Woman rock climbing


A Guide to Rock Climbing Post-Pandemic

Posted By Oliver Rivera, PT, DPT


Rock climbing is a rigorous sport that is very demanding on the whole body. From the fingertips to the toes, large forces are constantly being placed on small structures, which can create a potential for injury.

However, the human body is extremely resilient. These small structures, tendons and ligaments, adapt to handle large forces in the same way muscles adapt and get stronger. The difference is the amount of time it takes for these adaptations to occur: muscles gain strength over a matter of weeks, while connective tissue resilience can take months to improve.

A common phrase that you’ve probably heard is “if you don’t use it, you lose it”. Not only does this apply to muscle strength and performance, but it also occurs with connective tissue resilience. With the pandemic causing most gyms and fitness centers to close, many climbers have probably resorted to training on hangboards or DIY climbing walls, but have not been able to maintain the same level of intensity as they were at pre-pandemic.

It’s important to understand that with this time away from climbing, the strength of your muscles and soft tissue, especially in your hands, is not the same.

So take things slowly as you get back to climbing. Trying to grip the smallest of crimps or the steepest of slopers right away can result in strain — or, even worse, a full rupture — of a finger tendon, wrist tendon or pulley. Being cautious and patient with your return to climbing is important to keep yourself injury free.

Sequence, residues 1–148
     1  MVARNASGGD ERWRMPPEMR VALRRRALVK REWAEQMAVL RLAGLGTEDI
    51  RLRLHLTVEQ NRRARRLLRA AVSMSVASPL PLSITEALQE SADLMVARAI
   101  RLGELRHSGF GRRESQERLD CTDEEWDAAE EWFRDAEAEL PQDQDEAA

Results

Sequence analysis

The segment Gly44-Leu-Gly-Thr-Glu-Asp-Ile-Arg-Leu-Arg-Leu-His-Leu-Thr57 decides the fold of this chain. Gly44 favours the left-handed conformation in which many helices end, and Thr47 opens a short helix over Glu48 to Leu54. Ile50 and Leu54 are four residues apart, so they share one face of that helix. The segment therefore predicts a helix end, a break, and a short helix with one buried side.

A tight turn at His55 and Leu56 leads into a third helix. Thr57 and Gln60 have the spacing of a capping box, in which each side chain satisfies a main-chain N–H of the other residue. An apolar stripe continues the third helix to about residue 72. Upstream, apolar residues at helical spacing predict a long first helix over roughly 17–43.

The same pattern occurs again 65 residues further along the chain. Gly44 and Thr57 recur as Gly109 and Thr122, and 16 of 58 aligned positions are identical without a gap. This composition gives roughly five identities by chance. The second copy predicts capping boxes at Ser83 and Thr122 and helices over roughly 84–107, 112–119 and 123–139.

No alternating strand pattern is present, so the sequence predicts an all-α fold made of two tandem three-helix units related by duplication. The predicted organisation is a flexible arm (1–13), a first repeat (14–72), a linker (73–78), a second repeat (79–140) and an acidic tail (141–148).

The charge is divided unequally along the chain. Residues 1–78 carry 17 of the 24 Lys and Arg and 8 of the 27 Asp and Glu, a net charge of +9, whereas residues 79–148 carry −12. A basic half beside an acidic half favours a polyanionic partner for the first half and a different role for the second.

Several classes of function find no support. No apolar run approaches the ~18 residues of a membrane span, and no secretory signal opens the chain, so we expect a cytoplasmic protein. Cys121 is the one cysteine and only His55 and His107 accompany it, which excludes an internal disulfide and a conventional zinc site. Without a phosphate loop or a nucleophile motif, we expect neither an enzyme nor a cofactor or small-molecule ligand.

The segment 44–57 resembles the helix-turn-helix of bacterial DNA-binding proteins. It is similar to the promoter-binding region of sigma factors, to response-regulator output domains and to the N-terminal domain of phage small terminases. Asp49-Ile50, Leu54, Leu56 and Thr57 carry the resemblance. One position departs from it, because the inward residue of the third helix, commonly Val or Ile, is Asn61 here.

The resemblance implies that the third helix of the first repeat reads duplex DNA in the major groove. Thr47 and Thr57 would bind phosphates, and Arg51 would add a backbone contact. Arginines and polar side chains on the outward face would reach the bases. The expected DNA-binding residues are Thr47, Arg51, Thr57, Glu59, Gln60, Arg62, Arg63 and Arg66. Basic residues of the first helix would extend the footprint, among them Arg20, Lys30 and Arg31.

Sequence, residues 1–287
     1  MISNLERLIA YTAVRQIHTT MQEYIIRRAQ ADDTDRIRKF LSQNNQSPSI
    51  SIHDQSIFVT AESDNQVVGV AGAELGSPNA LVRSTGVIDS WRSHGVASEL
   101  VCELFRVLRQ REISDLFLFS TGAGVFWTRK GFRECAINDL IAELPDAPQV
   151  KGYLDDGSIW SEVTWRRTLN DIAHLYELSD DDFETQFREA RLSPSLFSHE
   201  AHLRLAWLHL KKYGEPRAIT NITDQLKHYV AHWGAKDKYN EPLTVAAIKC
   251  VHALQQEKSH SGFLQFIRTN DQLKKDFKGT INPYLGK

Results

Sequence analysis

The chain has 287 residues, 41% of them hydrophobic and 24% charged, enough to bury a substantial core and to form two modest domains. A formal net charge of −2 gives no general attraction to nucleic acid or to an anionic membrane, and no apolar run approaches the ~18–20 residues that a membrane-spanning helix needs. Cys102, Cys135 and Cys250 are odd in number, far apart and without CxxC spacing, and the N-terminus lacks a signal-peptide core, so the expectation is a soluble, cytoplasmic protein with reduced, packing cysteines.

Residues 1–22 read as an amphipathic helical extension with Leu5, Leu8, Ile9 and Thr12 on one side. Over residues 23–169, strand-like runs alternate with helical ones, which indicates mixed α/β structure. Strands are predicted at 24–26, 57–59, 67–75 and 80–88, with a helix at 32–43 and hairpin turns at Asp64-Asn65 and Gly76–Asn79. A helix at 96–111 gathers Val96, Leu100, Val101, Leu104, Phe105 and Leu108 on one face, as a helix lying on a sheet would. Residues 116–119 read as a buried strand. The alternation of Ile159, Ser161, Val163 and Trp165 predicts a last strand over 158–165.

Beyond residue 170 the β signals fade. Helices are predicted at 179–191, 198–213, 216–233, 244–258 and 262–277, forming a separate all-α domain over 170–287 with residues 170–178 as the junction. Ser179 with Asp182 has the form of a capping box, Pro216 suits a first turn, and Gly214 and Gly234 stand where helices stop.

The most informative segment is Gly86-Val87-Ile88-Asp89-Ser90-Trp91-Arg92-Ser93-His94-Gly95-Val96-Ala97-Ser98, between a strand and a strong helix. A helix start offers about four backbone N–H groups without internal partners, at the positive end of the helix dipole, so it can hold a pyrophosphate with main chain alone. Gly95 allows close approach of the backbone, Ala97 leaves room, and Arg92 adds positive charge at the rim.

Here are some tips for safely getting back on the wall:

  • Gradually increase the grades of routes you climb and see how your body reacts. This is a good way to monitor your overall tolerance.
  • Start with a good warm-up off the wall including shoulder and hip stretches to improve mobility. A light 5-10 minute cardiovascular warm-up like biking, jogging or using the elliptical also can be beneficial for improving muscle endurance and performance during your session.
  • Warm up on the wall with routes 2-4 grades below your project grade. Focus on your technique and body control.
  • Gradually increase the number of routes that include slopers and crimps with each session.
  • With any sign of strain or pain, especially in the fingers and wrists, ensure adequate rest and recovery before attempting any those more difficult routes again.

With most climbers, sending a V8 or 5.13 does not happen overnight, but takes time for your body to tolerate the forces those routes can inflict. So when you’re back to climbing, take it slow. Appreciate those easier routes with all of the jugs, and work your way up to those more difficult holds.

Oliver is a physical therapist in Shirley Ryan AbilityLab's Musculoskeletal Medicine outpatient clinic, and a fellow-in-training at the Northwestern University Fellowship in Advanced Orthopedic Physical Therapy Practice, Research and Education. He earned his doctorate in physical therapy from Touro University Nevada and completed an orthopedic physical therapy residency at the University of Illinois at Chicago.

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